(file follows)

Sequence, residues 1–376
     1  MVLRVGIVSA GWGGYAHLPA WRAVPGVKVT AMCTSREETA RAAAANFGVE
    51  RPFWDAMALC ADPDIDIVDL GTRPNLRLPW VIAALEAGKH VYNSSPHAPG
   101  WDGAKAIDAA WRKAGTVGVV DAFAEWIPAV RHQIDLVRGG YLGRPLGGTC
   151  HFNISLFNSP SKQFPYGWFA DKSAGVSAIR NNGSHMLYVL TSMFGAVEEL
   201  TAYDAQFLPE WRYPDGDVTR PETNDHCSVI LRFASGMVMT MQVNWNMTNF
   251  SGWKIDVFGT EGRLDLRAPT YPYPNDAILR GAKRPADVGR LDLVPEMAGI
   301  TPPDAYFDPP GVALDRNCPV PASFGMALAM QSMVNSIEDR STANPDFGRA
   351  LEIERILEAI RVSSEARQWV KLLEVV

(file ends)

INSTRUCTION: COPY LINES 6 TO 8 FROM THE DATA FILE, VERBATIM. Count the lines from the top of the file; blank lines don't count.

   201  TAYDAQFLPE WRYPDGDVTR PETNDHCSVI LRFASGMVMT MQVNWNMTNF
   251  SGWKIDVFGT EGRLDLRAPT YPYPNDAILR GAKRPADVGR LDLVPEMAGI
   301  TPPDAYFDPP GVALDRNCPV PASFGMALAM QSMVNSIEDR STANPDFGRA